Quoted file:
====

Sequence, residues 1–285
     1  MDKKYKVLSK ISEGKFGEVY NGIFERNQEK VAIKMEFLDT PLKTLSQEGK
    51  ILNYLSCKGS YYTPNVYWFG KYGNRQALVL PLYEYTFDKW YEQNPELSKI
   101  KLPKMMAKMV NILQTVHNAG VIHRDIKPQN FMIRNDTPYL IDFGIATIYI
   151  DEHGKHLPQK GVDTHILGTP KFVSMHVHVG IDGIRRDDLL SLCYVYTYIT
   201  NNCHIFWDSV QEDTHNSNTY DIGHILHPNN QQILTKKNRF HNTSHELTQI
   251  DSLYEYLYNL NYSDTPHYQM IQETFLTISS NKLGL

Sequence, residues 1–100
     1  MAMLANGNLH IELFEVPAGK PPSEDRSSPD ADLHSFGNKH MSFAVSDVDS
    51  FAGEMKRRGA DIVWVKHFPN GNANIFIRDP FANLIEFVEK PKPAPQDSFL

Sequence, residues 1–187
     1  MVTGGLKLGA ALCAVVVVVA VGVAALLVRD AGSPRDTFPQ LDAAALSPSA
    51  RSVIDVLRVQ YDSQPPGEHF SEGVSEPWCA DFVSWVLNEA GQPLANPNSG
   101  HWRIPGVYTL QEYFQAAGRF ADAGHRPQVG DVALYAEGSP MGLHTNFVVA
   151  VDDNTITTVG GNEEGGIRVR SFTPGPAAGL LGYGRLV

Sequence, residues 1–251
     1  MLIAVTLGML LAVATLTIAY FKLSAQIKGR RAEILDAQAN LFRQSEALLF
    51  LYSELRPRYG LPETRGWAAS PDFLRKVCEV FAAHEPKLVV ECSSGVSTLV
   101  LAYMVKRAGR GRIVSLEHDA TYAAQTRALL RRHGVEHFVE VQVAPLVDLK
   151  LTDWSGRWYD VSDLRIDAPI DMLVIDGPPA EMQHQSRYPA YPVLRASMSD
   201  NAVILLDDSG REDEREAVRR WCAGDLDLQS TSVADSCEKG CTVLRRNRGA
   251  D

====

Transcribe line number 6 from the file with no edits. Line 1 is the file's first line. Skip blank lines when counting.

   201  NNCHIFWDSV QEDTHNSNTY DIGHILHPNN QQILTKKNRF HNTSHELTQI